• Investing in stocks can be a great way to grow your wealth over time. However, there are different approaches that investors can take when choosing which stocks to buy. Two of the most popular approaches are growth investing and value investing. Growth Investing Growth investing is an investment strategy that focuses on buying stocks of companies that are expected to grow at a faster rate than the overall market. These companies are often in industries that are growing quickly, such as technology or healthcare. Investors who use this approach believe that these companies will be able to generate higher profits in the future, which will lead to higher stock prices. One of the main advantages of growth investing is that it can potentially provide higher returns than the overall market. However, it is also riskier than other investment strategies, as these companies often have higher valuations and more volatile stock prices. Value Investing Value investing is an investment strategy that focuses on buying stocks of companies that are undervalued by the market. These companies may be in industries that are out of favour or have recently experienced challenges, but they have strong fundamentals and a history of profitability. Investors who use this approach believe that these companies are undervalued and that their true value will be recognized in the future, leading to higher stock prices. One of the main advantages of value investing is that it can potentially provide lower risk than growth investing. However, it may also provide lower returns in the long run, as these companies may not have the same growth potential as companies in the growth investing category. Comparing Growth and Value Investing Growth and value investing are two different approaches to stock investing, each with its own advantages and disadvantages. Growth investing can potentially provide higher returns but is riskier, while value investing can provide lower risk but potentially lower returns. An investor may choose one approach or a combination of both. A portfolio that contains a mix of growth and value stocks can provide a balance of potential returns and risk. Conclusion Both growth investing and value investing can be effective ways to invest in stocks. The key is to understand the potential risks and rewards of each approach and to choose the one that aligns with your investment goals and risk tolerance. Analyst Peter Mathers TradingLounge™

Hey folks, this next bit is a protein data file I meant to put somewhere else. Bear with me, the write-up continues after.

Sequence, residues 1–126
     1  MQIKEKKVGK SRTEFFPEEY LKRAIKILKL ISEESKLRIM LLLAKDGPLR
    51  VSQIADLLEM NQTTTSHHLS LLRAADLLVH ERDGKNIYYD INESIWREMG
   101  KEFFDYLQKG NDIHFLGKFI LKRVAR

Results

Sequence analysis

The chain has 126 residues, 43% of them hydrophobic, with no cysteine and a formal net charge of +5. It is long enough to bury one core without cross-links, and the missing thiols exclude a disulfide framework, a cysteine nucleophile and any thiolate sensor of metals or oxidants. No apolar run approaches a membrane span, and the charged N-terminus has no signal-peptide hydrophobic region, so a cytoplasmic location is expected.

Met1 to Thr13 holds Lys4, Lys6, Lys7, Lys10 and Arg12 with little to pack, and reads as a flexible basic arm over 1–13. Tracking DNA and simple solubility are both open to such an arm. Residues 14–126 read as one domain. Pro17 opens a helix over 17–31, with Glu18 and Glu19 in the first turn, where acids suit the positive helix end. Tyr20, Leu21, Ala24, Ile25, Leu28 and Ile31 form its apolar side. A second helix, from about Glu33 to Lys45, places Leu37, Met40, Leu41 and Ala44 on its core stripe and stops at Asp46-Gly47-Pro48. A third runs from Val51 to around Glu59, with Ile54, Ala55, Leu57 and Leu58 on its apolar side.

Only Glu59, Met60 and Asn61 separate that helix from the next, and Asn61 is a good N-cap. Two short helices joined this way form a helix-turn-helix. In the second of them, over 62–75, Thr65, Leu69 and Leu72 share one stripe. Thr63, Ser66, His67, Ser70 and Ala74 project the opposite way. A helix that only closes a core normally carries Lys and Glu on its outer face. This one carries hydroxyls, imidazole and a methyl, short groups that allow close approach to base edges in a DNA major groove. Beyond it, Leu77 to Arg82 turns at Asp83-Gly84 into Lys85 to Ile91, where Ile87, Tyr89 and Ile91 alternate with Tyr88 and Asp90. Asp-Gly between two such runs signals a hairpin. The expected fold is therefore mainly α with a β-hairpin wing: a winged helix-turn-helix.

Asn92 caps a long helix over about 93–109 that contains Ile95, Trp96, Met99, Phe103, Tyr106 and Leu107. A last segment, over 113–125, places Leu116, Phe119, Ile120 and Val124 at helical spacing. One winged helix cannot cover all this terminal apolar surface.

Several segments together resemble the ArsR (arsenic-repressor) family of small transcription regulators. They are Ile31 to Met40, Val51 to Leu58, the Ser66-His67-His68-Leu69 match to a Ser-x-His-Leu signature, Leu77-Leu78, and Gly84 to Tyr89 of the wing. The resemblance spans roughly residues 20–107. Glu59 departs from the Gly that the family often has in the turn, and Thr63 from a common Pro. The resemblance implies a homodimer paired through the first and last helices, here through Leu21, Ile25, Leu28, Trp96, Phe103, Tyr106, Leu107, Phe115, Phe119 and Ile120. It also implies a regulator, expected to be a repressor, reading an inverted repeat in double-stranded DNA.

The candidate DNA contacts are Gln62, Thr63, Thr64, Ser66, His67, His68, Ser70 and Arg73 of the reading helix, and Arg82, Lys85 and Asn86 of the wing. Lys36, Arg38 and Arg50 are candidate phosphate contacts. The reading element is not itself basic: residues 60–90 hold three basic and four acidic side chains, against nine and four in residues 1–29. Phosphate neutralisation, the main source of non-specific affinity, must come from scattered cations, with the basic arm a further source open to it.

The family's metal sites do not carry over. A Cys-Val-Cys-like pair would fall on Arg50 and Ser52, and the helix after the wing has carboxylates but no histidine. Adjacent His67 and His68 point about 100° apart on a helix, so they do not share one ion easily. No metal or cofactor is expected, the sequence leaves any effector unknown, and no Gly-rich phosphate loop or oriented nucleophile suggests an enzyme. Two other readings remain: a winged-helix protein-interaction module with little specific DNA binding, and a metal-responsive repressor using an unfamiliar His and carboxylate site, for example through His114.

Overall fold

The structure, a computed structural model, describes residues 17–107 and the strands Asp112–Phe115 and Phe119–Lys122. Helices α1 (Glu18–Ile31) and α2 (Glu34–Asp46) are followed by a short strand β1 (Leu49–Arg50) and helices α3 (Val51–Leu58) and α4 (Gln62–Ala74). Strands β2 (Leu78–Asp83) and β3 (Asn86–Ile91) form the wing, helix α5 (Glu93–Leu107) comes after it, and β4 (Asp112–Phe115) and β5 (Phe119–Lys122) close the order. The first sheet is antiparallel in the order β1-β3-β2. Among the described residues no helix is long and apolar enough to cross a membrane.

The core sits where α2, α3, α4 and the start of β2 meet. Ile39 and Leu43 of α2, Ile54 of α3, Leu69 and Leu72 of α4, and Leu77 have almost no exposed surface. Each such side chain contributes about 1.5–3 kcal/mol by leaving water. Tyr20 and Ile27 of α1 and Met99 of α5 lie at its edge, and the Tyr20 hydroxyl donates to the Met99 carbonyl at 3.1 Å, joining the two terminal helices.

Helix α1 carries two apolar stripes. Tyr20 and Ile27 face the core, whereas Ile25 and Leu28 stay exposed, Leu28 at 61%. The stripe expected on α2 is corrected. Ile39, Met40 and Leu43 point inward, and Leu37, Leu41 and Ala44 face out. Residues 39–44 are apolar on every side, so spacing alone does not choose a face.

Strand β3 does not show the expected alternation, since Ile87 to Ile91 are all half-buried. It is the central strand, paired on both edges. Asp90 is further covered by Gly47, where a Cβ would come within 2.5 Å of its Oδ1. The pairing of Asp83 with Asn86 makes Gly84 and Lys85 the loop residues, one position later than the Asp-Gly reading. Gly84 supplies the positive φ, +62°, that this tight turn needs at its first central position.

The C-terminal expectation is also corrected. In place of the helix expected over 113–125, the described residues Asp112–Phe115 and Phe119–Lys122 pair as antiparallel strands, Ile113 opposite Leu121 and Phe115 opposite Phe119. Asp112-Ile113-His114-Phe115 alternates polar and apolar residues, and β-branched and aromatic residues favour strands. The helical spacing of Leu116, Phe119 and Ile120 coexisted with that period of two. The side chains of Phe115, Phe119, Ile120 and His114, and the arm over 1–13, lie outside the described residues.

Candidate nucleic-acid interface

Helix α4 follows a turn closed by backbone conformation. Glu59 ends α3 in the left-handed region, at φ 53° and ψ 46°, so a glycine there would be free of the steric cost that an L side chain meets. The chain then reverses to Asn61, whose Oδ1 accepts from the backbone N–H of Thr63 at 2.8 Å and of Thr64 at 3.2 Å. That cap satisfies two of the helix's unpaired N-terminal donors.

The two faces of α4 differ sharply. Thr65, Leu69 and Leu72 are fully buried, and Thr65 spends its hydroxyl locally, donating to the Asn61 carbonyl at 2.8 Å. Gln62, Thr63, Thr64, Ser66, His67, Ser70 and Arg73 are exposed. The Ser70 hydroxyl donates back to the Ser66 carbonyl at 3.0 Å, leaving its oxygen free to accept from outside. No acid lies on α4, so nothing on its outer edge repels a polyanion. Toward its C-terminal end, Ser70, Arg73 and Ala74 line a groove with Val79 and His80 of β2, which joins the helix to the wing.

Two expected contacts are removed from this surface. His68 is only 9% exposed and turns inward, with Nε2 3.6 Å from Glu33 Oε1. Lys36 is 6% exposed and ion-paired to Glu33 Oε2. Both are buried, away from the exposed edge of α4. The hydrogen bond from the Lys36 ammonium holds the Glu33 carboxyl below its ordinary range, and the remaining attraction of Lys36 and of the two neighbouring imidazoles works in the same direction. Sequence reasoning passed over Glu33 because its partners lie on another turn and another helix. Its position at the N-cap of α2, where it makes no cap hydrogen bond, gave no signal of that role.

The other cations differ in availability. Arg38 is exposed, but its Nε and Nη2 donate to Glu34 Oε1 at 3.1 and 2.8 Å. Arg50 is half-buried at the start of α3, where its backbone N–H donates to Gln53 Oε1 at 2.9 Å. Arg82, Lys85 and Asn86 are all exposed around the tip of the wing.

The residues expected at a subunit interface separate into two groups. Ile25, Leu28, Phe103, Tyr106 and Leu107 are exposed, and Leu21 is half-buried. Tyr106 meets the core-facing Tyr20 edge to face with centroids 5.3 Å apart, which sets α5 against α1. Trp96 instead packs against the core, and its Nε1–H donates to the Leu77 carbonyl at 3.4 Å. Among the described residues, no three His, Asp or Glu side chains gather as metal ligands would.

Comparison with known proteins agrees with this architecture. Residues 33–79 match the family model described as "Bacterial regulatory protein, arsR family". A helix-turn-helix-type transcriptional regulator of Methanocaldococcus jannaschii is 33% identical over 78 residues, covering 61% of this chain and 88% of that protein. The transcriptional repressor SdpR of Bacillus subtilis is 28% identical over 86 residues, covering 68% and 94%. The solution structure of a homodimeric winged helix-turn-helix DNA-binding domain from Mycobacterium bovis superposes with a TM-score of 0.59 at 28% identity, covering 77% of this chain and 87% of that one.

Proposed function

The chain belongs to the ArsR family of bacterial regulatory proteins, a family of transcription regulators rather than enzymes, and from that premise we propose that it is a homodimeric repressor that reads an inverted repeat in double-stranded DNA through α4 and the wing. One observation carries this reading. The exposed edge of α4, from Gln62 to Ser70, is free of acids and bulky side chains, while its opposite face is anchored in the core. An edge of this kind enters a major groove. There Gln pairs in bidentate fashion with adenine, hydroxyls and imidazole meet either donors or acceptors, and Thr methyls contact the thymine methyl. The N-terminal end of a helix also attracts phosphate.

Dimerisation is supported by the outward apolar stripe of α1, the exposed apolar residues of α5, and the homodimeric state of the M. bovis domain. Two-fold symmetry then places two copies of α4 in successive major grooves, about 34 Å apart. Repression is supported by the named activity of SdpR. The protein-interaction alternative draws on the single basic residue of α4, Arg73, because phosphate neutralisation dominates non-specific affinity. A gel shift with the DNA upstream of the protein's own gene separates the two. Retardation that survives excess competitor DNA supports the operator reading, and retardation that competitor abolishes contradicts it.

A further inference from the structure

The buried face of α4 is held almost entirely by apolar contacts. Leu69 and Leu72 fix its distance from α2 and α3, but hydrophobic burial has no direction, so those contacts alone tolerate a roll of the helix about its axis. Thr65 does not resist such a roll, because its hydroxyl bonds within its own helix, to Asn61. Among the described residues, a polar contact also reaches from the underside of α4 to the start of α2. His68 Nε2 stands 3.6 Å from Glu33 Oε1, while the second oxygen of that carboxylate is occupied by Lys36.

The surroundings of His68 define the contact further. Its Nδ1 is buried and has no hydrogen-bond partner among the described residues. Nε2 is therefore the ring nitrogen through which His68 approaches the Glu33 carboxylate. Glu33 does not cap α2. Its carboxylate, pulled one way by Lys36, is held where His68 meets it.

• I am a beginner, and I must say, there are a lot of rules to the trading game that one must abide by if they want to be successful.   Here, the writer mentions several basic rules for day vs swing trading.  However, I find that often times, the reasoning for these rules is not as  obvious for a beginner as it may be for an expert.   The 'why' factor if I may. For example, why must you have a large capital to trade with as a day trader? Because your positions must be large so that a small change in price will be augmented and turned into a large profit. Also, with such high risk, the margin will be specially high, given the trader is taking up large positions at a time.  Without a large amount of capital, positions may be forced to close due to funds being below margin requirements.  When this happens, you can expect to lose tons of cash, fast.  I learned the hard way. All the best, David Franco      
×
×
  • Create New...